The Diabetes Disaster

By | 14 January, 2011
William Topaz McGonagall, some years ago

William Topaz McGonagall, some years ago

If ever you have a spare minute I would highly recommend writing a poem about your diagnosis of diabetes in the style of William Topaz McGonagall. While some think he’s Scotland’s worst ever published poet, McGonagall’s work is still in print 109 years after his death. Take that proper poets! Anyway, if you fancy more McGonagall then a good starting point is the world famous Tay Bridge Disaster and a personal favourite is Edinburgh.

Anyway, as you know your soaraway Shoot Up is a very cultured place to may I present my own personal tribute to the great man, my poem The Diabetes Disaster:

‘Twas the dreadful year of two thousand and five
When once bonnie Timothy found his health did dive
He lost plenty of weight and his face was aglow
And he was drinking so much water that he was filled with woe

“This really can’t be right!” poor wretched Timothy cried
“Some medical advice must surely be applied”
So off he went with a dark and worried brow
To the doctor as fast as his legs would allow

The doctor’s surgery was lovely to see
With green potted plants and delightful shrubbery
But poor Tim waited and was seen by the doc
And out he walked with something like shell shock
For poor Timothy had with diabetes been diagnosed
And white went his face, just like a ghost.

So up to the Royal Infirmary poor Timothy did stride
But he was feeling so disheartened he nearly cried
Yet “do not worry” said the nice DSN
“We’ll fix you up satisfactorily with some insulin”

So without pause for thoughts or circumspections
Timothy did the next day start on injections
“Hurrah!” he cried, for better he did feel
And before long his dry skin did start to heal
His appetite returned and he ate plenty of veal
Which, despite the cruelty, he did with some zeal.

Years have passed since Tim’s diagnosis
And he now treats his diabetes without much neurosis
He tries his very best to maintain a wholesome A1C
To ensure that in future he won’t be an amputee
And his bonnie DSN with this does not disagree.

Yet despite his good management of this disease
Timothy prefers to stay away from foods such as cheese
He prefers foods with a low glycaemic load
This to avoid his blood glucose being caused to implode

So the dreadful year of two thousand and five
Shall be remembered for as long as Tim is alive
But hopefully bonnie young Tim will continue to thrive
Remember that God helps those that help themselves
And those that don’t try to do so are silly elves.

(Note: the last two lines are lifted directly from The Collision in the English Channel – sorry William)

Category: Mildly amusing Tags:

About Tim

Diagnosed with Type One when he was 28, Tim founded Shoot Up in 2009. For the diabetes geeks, he wears a Medtronic 640G insulin pump filled with Humalog and uses Abbott's Libre flash glucose monitor.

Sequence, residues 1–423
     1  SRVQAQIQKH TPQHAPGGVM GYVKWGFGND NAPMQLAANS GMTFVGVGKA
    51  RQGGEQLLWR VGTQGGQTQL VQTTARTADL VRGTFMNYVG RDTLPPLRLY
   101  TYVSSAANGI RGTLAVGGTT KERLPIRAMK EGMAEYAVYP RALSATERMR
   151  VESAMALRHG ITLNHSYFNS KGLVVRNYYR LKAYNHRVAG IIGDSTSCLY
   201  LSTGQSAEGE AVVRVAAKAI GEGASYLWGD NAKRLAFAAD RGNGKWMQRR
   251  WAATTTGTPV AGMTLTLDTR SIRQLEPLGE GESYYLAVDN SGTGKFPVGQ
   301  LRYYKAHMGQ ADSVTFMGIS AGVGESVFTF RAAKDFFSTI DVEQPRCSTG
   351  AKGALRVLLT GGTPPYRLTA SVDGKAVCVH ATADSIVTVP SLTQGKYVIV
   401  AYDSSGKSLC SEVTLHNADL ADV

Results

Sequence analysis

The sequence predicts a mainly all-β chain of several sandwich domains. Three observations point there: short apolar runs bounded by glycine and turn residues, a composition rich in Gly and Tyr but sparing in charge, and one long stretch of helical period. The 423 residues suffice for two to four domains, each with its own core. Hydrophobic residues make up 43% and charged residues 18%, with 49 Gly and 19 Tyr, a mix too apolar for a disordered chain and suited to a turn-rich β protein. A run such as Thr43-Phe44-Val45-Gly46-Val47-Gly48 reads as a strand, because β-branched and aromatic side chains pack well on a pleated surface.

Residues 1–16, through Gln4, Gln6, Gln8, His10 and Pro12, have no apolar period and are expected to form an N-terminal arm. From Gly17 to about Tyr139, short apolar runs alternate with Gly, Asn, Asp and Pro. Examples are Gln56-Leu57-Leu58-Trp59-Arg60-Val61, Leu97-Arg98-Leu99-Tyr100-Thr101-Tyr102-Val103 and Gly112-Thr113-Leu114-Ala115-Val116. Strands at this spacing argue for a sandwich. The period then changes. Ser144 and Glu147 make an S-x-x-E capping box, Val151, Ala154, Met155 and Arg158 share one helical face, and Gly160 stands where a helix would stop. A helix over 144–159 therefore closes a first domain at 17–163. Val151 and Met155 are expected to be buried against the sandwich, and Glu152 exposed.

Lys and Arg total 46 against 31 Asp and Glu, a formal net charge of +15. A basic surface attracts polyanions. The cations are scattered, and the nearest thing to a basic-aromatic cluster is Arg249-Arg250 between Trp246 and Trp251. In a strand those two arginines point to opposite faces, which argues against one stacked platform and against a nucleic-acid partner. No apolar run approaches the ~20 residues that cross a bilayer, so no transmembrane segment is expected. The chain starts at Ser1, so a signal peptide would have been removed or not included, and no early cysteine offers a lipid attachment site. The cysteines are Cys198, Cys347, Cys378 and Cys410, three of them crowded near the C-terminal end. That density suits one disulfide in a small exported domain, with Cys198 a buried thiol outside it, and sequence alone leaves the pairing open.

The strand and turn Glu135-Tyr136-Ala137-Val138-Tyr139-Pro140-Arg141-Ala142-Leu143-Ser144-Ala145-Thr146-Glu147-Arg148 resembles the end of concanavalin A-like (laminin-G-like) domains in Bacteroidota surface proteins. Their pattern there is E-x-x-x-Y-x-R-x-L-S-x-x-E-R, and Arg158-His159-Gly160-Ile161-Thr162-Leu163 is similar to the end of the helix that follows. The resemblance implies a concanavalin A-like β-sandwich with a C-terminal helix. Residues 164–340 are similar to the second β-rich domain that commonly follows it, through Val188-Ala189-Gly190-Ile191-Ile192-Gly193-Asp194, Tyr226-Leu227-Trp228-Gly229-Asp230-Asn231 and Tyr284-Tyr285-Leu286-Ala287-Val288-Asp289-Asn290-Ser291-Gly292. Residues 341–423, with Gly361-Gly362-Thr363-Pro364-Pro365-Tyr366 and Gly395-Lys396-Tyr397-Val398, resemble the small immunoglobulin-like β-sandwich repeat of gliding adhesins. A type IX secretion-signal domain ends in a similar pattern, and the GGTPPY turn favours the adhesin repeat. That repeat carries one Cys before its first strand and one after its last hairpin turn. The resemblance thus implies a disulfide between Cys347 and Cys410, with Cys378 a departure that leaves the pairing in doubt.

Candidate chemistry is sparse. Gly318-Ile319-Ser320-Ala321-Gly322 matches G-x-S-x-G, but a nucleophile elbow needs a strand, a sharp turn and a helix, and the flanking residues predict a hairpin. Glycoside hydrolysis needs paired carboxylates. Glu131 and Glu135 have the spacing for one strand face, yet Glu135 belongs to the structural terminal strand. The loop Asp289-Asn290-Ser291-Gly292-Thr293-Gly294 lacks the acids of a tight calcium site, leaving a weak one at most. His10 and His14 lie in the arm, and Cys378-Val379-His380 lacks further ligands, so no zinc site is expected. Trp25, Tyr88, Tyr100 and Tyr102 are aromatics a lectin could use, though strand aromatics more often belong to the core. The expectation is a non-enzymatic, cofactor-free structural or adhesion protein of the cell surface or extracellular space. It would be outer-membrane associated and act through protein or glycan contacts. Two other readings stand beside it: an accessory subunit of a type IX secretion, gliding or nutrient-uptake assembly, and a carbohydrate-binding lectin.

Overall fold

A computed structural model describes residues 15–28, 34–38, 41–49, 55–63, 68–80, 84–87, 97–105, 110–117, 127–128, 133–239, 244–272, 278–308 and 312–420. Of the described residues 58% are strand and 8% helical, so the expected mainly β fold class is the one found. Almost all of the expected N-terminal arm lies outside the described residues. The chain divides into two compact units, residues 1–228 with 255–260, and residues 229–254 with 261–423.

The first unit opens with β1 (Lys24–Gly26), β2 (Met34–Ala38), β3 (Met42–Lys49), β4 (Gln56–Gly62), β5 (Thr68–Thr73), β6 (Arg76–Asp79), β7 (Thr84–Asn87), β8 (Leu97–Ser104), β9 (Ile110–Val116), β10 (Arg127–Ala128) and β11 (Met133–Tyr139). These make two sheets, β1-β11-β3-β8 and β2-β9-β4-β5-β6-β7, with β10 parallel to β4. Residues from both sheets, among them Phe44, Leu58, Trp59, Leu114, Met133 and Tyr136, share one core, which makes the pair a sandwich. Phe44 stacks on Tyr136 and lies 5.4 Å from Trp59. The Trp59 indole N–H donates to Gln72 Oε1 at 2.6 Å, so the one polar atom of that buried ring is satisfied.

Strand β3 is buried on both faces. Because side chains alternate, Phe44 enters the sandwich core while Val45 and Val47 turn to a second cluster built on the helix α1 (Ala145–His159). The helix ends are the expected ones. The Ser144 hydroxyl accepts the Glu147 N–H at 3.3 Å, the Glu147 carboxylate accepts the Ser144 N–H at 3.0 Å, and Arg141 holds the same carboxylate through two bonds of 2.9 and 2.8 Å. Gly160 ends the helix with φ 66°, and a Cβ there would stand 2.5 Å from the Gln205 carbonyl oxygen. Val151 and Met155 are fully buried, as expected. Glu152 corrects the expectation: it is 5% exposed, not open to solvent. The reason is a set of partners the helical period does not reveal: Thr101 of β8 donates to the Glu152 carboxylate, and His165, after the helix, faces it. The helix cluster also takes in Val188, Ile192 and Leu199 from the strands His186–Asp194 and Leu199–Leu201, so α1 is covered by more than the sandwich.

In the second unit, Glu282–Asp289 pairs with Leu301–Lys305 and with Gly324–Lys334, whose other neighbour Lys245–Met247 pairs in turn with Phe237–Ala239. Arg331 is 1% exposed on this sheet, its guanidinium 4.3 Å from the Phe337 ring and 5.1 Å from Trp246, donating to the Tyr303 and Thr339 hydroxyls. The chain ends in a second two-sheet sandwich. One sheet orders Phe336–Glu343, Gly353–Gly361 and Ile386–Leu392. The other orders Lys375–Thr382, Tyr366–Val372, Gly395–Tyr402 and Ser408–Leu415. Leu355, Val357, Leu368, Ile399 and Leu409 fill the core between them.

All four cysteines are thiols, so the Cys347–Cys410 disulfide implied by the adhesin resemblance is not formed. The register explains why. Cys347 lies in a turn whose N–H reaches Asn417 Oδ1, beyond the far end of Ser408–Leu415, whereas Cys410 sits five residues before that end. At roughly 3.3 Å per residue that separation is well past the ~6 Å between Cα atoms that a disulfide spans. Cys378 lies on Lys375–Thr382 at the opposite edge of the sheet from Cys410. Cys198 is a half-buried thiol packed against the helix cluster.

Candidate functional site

14 thoughts on “The Diabetes Disaster

  1. Alison

    Tim, I’m sure they’ll be teaching this as part of the English A-level syllabus in no time.

  2. Mike

    Good work, I see you have a quie day at the office! 【ツ】

  3. Tim Post author

    Donald – that would be ace. In fact, I think it’s what the world has been waiting for since crawling out of the primaeval soup – the very pinnacle of civilisation. Or am I bigging it up a little too much?

  4. lizz

    Lol. Well. you do know some ‘proper’ poets are still being read don’t you? I hope. Being a proper poet. Which I am sure you could be, were it not for the fact you are having to work with words like insulin and diagnosis. Very hard to rhyme. Which is another reason why I have never ventured into writing poetry on diabetes. I prefer words like light.
    I didn’t know his second name was Topaz! I want to be called that!

  5. Tim Post author

    @lizz – Insulin *is* indeed bloody difficult to rhyme! Hence Topaz loving words like “green” and “seen” –

    Edinburgh with your shrubberies green
    Are the loveliest to be be seen

    Cracking stuff!

  6. Annette A

    I do not remember the fateful day
    The doctor called my mother to say
    Take your child, sickness and all
    She has diabetes, insulin calls.

  7. Tim Post author

    Careful now – let’s not stray into limerick territory again here…

  8. Cecile

    @tim: Now you’re talking!

    A self-diagnostic blunder
    From doctors kept me asunder…
    The thirst got gallons
    And the itch, some talons;
    Comatose to my fate I did “wander”*.

    *on a stretcher

    Re “His appetite returned…”: Did yours go away? With the amount of sweets I devoured prior to diagnosis, you could’ve catered for all the Rosenkowitz-sextuplet’s childhood parties 🙂 …and I lost 10kg of “veal” in the process!

  9. Tim Post author

    The “appetite returning” thing was merely for the rhyme rather than anything accurate. The poem does in fact contain other inaccuracies. For example, I didn’t walk from the doctor’s surgery to the Royal Infirmary – I took the bus.

  10. Cecile

    @tim: Phew! Good to know we can gobble up your false verbal offerings like sweetener…so you’re not really a caseophobe either (remembering previous mention of camembert overdose) 😉 ?


Speak your brains